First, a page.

10th Circuit: District Court Must Ensure When Defendant Waives Right to Counsel He Understands He’s Required to Adhere to Federal Procedural and Evidentiary Rules
by Douglas Ankney
The U.S. Court of Appeals for the Tenth Circuit ruled that a district court must ensure that when a criminal defendant waives the right to counsel, the defendant understands he is required to adhere to federal procedural and evidentiary rules.
Louis Delynn Hansen was indicted for tax evasion and tax obstruction. Even before his initial appearance, Hansen repeatedly filed pleadings based on sovereign citizen theories that the courts have previously rejected as frivolous. See, e.g., Ford v. Pryor, 552 1174 (10th Cir. 2008); Lonsdale v. United States, 919 F.2d 1440 (10th Cir. 1990). His first filing was labeled “Rescheduled Court Date” wherein, after he received a summons to appear, he “informed” the court that he would “not be available to attend” the scheduled court date. The court treated it as a motion for a continuance and issued an order denying it. Hansen then handwrote diagonally across the order, “I reject your offer to contract” and returned the order to the court.
Another filing that Hansen submitted was a document from “DeLynn of the Lawful House of Hansen” seeking to “release and discharge Judge Clark Waddoups from his emergency war powers jurisdictional duties created by § 17 of the ‘Trading with the Enemy Act’” and to “inform the court that [Hansen], a Private American National Citizen who has harmed nobody and nothing [does] not consent to statutory military jurisdiction of any kind.”
Because Hansen refused appointment of counsel at his initial appearance, the court held a hearing to determine if Hansen was validly waiving his right to counsel. When the court asked Hansen if he wished to represent himself, Hansen replied, “I can’t represent myself because I am myself.” He further told the court that Louis DeLynn Hansen was a fiction that the court has named as a defendant.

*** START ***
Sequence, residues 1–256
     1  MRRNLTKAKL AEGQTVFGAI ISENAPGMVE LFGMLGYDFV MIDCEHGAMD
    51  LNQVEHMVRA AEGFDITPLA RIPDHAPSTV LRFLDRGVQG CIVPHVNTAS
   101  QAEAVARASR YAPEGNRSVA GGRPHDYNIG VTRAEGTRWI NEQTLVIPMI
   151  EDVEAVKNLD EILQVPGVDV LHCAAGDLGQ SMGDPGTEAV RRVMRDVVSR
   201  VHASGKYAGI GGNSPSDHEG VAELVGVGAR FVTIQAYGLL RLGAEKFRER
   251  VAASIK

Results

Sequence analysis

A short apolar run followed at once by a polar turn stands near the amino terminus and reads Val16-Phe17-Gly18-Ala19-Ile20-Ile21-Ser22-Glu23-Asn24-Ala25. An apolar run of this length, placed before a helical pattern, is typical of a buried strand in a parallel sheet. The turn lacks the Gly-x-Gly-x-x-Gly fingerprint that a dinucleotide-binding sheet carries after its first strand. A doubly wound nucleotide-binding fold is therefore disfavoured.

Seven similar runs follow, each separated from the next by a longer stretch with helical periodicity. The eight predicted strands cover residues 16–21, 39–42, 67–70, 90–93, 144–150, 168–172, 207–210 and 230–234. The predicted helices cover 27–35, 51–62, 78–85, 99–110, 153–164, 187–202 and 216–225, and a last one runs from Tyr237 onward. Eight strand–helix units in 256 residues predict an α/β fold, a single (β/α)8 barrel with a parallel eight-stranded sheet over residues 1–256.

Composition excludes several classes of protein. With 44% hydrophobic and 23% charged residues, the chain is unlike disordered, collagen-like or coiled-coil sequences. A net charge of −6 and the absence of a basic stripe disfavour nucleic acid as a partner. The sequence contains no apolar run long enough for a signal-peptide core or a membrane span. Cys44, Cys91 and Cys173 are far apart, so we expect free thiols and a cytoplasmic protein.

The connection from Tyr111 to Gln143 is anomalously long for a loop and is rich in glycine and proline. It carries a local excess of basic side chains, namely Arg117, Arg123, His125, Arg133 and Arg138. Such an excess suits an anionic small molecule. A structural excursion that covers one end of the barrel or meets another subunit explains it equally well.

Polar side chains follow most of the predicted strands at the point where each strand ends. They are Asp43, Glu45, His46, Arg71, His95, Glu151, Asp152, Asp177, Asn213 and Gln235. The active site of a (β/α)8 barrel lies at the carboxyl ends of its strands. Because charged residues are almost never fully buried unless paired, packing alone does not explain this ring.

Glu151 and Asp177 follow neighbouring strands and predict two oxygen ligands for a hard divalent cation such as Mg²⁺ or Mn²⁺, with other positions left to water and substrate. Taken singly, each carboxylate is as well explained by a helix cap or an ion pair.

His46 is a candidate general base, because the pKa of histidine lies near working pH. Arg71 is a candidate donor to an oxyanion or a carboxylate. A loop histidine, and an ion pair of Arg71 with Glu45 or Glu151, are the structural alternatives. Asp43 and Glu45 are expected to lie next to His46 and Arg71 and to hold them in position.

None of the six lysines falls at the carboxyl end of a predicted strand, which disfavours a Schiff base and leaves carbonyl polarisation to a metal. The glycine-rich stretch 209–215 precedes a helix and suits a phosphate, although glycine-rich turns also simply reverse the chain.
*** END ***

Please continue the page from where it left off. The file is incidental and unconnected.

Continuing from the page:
Hansen asked the court if accepting counsel would put him in the jurisdiction of the court, stating, “I am not a U.S. citizen. I’m not a citizen of the United States. I’m an American State National.”
The judge warned Hansen that those jurisdiction arguments were frivolous, that they had been rejected by the courts of appeals, and that he was facing the risk of imprisonment.
The court then asked Hansen if he understood that if he represented himself, he would be required to comply with the rules of procedure and the rules of evidence. Hansen responded, “No.”
Hansen then began discussing how “President FDR and Congress concocted a fraud on the American people.” He further stated he wanted a photo I.D. of the United States so he could face his accusers. The court then took a recess to allow Hansen to confer with potential standby counsel.
When the hearing resumed, Hansen affirmed he would like the standby counsel appointed. The court observed that Hansen held a chiropractic doctorate and had no criminal history.
The judge then stated, “I find that you do fully understand the risks and that with [standby counsel’s] support and counsel you are capable because of your education, intelligence, and prior experience ... to represent yourself. I find that the risks of doing so have been fully explained to you and the risk of a prosecution that may result in a conviction is one that you understand.”
Hansen represented himself at the subsequent jury trial where he was convicted on both counts.
Hansen appealed, arguing, inter alia, that his waiver of his right to counsel was not valid.
The Tenth Circuit observed: “A defendant has the Sixth Amendment right to waive his right to counsel and represent himself in a criminal case.” Faretta v. California, 422 U.S. 806 (1975).
However, the right to self-representation is not a license to refuse to, or fail to, comply with the relevant rules of procedure. Id. The waiver must be voluntary, knowing, and intelligent. United States v. Williamson, 859 F.3d 843 (10th Cir. 2017).